Divine cooperative promotes economic and social equality
Have you ever wondered if your ethical purchases make a real difference? Meet Esther Mintah Ephraim, a farmer from western Ghana. Her cocoa is used by Divine chocolate (and she’s also a co-owner).
Pioneers Post gets to spend lots of time with many wonderful thinkers and doers but it’s fairly rare that we actually get to talk to somebody who is on the ground getting their hands dirty. When we were offered the opportunity to talk to Esther Mintah Ephraim, a cocoa farmer who is part of the Kuaka Kokoo co-operative in Ghana that supplies the cocoa for and co-owns Divine chocolate, we couldn’t pass it up.
Esther Ephraim Mintah. Photo credit: Divine chocolate
Ephraim was in England as part of Divine chocolate’s participation in Social Saturday and also to take part in Chocolate Week. She’s the second born of six children and is in charge of 38 acres of cocoa farm – that’s about the size the size of 19 football pitches.
The Kuaka Kokoo cooperative was established in 1993 following the liberalisation of the cocoa market in Ghana. Nana Frimpong Abrebrese organised farmers to set up a company to sell their cocoa to the state owned Cocoa Marketing Company, which exports it. There are now more than 80,000 people in the 1,257 societies which make up the cooperative and it supplies around 5% of all the cocoa produced in Ghana. Kuapa Kokoo also own 44% of Divine chocolate, and therefore receive dividends when they are paid.
Many of the farmers live in remote and deprived parts of the country – Ephraim pointed out the nearest town to her in the west of Ghana on a map and described it as a five hour drive away. There are often high levels of illiteracy and little infrastructure. Both Kuapa Kokoo's Fairtrade certification in 1995, and the setting up of their own chocolate company in 1998, have made important changes to the community – giving farmers access to more income to invest in family, farm and community, as well as education and training, and a more reliable way to sell their cocoa.
Ephraim’s parents were also farmers and because they have told her about life before, she is able to identify the advantages of being in the cooperative and of Fairtrade. Elected farmer members of the cooperative weigh the cocoa using accurate weighing scales and pay the farmers on time. Previously farmers were at the mercy of unscrupulous buyers.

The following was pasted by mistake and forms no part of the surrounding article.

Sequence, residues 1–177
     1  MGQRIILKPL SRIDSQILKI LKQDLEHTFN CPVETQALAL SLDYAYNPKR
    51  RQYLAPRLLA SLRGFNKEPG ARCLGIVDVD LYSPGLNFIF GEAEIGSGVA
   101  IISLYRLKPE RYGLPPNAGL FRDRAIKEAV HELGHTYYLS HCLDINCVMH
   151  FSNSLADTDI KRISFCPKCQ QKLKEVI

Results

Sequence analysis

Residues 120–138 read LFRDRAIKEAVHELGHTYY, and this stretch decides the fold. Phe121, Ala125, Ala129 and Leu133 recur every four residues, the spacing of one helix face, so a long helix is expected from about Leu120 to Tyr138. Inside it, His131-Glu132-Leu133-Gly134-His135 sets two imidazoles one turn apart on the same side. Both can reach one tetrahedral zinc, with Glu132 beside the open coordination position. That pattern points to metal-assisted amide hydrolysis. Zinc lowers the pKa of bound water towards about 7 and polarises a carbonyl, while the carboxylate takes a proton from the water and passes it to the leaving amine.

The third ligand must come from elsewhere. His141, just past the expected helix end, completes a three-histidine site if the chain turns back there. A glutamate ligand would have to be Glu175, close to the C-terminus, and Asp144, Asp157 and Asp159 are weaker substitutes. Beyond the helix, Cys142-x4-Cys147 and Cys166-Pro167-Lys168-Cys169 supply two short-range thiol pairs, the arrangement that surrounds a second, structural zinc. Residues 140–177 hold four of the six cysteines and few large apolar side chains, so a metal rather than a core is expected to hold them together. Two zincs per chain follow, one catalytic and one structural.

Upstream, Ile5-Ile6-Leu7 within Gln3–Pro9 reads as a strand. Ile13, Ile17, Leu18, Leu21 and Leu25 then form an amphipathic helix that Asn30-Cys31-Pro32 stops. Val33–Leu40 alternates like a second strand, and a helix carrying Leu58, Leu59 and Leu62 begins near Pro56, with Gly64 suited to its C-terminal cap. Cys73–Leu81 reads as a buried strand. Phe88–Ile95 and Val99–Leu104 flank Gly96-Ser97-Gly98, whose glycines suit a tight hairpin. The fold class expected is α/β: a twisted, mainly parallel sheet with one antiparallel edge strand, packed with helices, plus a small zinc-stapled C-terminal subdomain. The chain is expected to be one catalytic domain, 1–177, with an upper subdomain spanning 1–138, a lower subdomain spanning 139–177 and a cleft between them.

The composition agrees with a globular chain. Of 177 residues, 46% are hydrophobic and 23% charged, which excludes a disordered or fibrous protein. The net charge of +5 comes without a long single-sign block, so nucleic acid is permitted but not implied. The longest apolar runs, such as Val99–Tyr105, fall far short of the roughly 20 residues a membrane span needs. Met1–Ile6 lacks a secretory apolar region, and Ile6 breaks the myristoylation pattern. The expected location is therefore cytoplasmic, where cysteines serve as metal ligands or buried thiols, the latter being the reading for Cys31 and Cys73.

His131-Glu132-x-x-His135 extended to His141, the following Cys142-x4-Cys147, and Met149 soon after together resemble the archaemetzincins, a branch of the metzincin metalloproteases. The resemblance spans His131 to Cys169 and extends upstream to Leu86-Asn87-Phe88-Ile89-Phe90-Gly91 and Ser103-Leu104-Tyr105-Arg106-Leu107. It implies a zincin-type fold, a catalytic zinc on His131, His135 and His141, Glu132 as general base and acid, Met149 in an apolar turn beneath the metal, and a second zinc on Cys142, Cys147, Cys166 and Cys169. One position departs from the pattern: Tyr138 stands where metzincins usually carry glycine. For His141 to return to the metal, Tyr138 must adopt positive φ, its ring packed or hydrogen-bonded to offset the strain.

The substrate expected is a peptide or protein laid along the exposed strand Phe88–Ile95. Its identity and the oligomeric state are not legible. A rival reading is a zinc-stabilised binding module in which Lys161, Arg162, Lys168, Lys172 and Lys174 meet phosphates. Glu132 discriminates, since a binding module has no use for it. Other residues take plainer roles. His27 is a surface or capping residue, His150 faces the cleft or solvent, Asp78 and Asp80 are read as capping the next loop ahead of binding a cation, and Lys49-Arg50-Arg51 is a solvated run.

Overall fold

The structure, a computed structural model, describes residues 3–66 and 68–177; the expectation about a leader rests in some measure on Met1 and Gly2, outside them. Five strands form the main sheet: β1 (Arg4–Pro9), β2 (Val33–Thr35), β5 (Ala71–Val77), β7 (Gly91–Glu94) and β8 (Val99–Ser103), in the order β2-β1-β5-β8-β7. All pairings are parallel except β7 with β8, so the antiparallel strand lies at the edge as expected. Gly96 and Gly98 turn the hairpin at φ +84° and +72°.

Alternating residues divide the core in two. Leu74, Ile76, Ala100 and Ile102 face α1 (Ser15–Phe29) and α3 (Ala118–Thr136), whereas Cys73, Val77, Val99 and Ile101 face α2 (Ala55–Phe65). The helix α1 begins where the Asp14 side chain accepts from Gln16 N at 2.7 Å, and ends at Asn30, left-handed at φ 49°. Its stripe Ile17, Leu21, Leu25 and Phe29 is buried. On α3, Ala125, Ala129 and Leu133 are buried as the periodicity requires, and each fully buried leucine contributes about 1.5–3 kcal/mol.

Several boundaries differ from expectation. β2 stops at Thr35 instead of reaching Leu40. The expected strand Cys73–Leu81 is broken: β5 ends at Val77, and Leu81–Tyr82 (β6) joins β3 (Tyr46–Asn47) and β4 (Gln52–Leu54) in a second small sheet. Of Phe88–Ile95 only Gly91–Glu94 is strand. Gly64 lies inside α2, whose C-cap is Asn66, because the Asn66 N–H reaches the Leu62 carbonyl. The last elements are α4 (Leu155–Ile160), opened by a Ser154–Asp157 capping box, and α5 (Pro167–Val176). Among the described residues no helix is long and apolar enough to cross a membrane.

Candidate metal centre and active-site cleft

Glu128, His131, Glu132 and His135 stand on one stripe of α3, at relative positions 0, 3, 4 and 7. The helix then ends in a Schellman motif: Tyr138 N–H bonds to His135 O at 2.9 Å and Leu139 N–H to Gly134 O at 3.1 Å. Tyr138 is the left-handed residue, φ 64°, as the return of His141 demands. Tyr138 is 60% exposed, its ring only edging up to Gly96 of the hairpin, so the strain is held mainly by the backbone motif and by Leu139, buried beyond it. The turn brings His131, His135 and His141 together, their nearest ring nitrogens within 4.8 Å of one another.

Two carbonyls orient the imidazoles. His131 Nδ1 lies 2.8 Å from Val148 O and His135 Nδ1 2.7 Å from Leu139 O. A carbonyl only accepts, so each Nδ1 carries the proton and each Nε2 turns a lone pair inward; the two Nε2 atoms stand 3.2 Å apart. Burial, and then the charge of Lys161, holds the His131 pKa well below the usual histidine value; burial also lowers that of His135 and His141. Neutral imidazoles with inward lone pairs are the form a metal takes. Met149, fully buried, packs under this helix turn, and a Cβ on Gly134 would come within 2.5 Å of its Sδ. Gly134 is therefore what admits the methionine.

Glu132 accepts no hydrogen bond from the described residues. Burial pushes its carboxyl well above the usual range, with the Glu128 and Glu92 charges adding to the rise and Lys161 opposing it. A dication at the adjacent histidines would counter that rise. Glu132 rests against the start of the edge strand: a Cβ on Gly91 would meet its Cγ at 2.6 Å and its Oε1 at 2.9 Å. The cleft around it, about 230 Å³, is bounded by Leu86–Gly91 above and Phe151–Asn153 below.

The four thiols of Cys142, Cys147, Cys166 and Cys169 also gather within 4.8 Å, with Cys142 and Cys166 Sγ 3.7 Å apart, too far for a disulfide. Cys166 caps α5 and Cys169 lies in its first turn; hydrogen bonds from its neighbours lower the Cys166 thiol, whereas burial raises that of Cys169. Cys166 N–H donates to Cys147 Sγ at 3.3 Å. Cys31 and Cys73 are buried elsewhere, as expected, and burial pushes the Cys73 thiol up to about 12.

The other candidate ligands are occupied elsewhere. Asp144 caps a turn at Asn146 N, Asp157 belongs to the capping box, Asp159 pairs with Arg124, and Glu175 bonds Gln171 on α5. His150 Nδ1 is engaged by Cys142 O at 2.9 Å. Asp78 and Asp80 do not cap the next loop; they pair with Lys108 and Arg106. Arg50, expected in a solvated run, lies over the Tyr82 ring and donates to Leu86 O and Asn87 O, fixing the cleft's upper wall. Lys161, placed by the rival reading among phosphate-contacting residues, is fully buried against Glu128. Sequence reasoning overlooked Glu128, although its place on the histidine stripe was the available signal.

Being certified Fairtrade also means that, every tonne of cocoa sold attracts a premium of $200 when sold to the Fairtrade market, which is passed on as a cash payment to farmers but is also invested in community projects. For Kuapa Kokoo, the Fairtrade website lists these as being the sinking of wells for clean drinking water, the construction or refurbishment of schools and the provision of development officers who advise on better farming practices. Crucially these decisions about how to spend the Fairtrade premium are made by the farmers themselves.
Ephraim confirms that, compared to life pre-cooperative and Fairtrade, things have certainly improved. “There are so many improvements now compared to the olden days. Farmers were suffering from waterborne diseases. They were not getting proper training in farming, they were not getting additional money to cater for their children. We now have potable drinking water. Others have been able to expand their farms. We have a programme that is supported by Divine called Adult Literacy that trains farmers how to read and write.”
(From left to right) CEO of Divine Sophi Tranchell, Dawn Butler MP and Esther Ephraim Mintah. Photo credit: Divine chocolate
The equality of members of the cooperative also extends to gender balance. One of the objectives listed on the Kuapa Kokoo website is to ‘enhance the participation of women in the decision making process at all levels of operation’. The 129 farmers in her society elected Ephraim as their recorder, which means she is trusted as the person who weighs the cocoa and pays the farmers for every 64kg sack they bring in.
She’s also a protocol officer on the national executive of Kuapa Kokoo and was elected by the cooperative as an ambassador to represent them in other countries. Before 2013 she had never left Ghana; since then she has been to Australia and the UK twice. She tells me that her favourite thing in London is Tower Bridge and that her parents are very proud at her achievements, including the opportunity to travel: “They are very happy for that”.
As well as the benefits to her community and her own personal achievements, the improved financial conditions from being with the cooperative has meant she has been able to pay for some of her own siblings to go to school. She could just as easily be speaking about her community when she says: “I have been empowered”. If any more were needed, there can be no more compelling reasons to put our money where are values are and ‘buy social’.
Photo credit: Christoffer Undisclosed